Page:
Endoscopic Sinus Surgery for Cystic Fibrosis: Variables Influencing Sinonasal and Pulmonary Outcomes

Keven S.Y. Ji, Dennis Frank-Ito, Ralph Abi Hachem, Khalil Issa, Carrie Johnson, Omar Mohamedaly, Bradley J. Goldstein, David W. Jang

Research output: Contribution to journalArticlepeer-review


Background: Endoscopic sinus surgery is a well-established treatment for chronic rhinosinusitis in patients with cystic fibrosis, though its benefits seem to be limited to improving sinonasal symptoms rather than affecting lung function. Objective: This study aims to identify clinical and demographic factors that may influence sinonasal and pulmonary outcomes after surgery. Methods: This is a six-year retrospective analysis of adult cystic fibrosis patients who underwent endoscopic sinus surgery at a tertiary care center. 22-Item Sino-Nasal Outcomes Test scores and mean forced expiratory volume data at baseline and three to six months after surgery were analyzed using t-test and stepwise regression with the following covariates: age, gender, lung transplant, revision surgery, and pseudomonas on sinus culture. Results: 119 surgeries were performed on 88 patients, with 69% on patients with transplant. The overall mean (Standard Deviation) improvement in 22-Item Sino-Nasal Outcomes Test score was 9.42 (18.15) for the entire cohort (P <.001). Pseudomonas on culture was associated with less improvement in sinonasal scores (P =.002). There was no significant change in forced expiratory volume after surgery (P =.94). Revision surgery (P =.004) and older age (P =.007) were associated with less favorable change of pulmonary function on stepwise regression (P =.002). There was no correlation between change in sinonasal scores and pulmonary function. Conclusion: Although surgery was associated with a clinically and statistically significant improvement in sinonasal scores in cystic fibrosis patients, patients with pseudomonas may experience less benefit. Revision surgery and older age may be associated with less favorable pulmonary outcomes. Awareness of such variables may help when deciding which cystic fibrosis patients should undergo surgery.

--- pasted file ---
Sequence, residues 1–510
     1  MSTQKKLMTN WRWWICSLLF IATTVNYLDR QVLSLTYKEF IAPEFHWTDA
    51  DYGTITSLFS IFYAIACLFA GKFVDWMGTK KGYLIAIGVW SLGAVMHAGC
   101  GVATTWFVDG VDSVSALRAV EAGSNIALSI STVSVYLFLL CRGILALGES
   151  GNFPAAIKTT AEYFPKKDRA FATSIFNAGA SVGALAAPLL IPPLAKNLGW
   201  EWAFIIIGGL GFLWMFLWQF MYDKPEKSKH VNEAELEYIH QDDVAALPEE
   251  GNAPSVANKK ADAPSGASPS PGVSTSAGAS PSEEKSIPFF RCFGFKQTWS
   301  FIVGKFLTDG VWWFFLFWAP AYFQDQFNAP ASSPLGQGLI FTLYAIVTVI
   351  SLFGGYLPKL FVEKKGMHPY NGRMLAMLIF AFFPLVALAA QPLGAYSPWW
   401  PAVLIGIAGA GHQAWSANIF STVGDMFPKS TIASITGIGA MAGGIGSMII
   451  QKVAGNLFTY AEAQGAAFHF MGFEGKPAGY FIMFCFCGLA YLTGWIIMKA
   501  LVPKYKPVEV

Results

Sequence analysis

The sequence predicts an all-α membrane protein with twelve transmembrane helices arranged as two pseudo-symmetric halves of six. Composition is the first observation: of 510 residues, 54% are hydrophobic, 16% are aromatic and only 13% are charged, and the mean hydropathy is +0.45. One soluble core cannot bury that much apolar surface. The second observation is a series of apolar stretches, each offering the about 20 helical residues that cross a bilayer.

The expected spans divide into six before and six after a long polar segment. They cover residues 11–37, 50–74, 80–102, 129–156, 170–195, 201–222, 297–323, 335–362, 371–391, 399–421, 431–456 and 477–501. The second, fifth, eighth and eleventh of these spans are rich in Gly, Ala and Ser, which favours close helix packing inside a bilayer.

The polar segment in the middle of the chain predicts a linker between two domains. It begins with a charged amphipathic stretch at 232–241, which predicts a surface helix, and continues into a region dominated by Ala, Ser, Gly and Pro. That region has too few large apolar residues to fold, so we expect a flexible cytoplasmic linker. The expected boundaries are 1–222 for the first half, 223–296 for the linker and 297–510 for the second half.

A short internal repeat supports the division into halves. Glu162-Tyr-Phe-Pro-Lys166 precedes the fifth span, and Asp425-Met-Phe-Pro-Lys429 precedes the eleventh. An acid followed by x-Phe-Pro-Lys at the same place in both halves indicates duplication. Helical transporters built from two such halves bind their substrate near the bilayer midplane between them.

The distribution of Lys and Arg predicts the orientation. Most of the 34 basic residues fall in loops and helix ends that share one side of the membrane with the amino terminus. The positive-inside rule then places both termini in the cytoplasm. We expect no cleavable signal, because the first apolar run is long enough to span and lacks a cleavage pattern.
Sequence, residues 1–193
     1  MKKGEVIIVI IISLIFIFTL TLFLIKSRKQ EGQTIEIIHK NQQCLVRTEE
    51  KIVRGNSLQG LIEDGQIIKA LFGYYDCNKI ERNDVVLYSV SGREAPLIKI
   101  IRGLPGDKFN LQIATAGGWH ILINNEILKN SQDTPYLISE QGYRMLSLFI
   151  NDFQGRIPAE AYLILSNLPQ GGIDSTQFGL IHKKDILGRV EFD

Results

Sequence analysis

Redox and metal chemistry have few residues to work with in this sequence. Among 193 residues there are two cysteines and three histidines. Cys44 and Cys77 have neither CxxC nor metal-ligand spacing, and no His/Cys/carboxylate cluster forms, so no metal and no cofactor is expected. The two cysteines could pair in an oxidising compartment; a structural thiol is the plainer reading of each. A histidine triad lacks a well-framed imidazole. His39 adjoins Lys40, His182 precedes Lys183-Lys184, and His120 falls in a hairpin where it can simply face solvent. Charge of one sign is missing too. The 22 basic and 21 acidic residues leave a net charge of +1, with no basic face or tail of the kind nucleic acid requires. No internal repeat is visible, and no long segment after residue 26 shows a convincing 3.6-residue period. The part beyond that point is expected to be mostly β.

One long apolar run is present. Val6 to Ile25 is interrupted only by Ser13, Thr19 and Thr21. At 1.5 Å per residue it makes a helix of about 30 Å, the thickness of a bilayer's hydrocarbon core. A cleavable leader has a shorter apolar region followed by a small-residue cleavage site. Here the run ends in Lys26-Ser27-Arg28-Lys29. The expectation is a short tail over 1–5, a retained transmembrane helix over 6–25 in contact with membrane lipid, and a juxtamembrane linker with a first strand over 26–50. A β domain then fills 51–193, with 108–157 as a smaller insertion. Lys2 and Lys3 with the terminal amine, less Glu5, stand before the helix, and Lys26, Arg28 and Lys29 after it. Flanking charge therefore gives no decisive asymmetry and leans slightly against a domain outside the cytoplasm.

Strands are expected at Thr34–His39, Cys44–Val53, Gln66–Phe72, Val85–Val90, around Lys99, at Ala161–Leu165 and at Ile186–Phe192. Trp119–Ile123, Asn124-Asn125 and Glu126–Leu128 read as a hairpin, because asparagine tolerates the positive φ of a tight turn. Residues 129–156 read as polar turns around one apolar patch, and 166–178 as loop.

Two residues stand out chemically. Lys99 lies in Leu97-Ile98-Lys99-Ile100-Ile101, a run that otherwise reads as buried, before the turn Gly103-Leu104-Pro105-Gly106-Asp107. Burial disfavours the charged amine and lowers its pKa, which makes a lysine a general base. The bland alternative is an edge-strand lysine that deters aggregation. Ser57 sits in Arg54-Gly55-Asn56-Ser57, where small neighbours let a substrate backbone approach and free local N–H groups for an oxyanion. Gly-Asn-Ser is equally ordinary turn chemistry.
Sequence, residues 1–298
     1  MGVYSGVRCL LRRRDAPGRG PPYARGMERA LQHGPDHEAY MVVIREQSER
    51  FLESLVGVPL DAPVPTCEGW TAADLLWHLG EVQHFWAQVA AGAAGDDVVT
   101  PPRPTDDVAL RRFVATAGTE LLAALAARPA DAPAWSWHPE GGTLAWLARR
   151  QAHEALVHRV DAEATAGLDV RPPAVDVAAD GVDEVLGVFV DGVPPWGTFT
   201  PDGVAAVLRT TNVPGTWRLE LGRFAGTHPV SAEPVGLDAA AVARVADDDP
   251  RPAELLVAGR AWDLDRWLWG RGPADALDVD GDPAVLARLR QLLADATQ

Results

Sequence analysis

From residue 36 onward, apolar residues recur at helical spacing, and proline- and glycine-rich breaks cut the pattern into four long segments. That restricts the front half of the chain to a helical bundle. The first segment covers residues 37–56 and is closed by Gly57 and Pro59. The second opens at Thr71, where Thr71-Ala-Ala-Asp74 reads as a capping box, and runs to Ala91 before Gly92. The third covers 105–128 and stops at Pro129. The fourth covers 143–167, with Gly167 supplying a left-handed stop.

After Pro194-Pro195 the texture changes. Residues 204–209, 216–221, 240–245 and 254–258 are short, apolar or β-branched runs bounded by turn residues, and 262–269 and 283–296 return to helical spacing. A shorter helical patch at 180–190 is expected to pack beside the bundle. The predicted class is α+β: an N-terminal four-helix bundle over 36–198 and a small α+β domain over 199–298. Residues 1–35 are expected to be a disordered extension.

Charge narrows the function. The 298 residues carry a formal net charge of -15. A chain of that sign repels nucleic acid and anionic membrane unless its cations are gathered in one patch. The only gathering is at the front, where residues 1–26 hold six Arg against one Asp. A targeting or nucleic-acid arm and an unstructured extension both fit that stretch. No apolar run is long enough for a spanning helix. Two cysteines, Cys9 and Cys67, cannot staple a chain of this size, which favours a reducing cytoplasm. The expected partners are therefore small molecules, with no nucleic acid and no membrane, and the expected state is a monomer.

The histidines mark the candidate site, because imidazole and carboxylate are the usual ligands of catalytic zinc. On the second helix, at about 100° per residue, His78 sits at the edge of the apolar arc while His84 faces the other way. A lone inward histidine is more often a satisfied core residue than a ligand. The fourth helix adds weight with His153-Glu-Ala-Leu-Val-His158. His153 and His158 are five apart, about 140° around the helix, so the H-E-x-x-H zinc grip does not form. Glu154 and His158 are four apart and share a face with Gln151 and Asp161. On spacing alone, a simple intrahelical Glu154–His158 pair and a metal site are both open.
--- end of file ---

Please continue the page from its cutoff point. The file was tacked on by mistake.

Original languageEnglish (US)
JournalAmerican Journal of Rhinology and Allergy
StateAccepted/In press - 2021
Externally publishedYes


  • cystic fibrosis
  • endoscopic sinus surgery
  • lung transplantation
  • SNOT-22

ASJC Scopus subject areas

  • Immunology and Allergy
  • Otorhinolaryngology


Dive into the research topics of 'Endoscopic Sinus Surgery for Cystic Fibrosis: Variables Influencing Sinonasal and Pulmonary Outcomes'. Together they form a unique fingerprint.

Cite this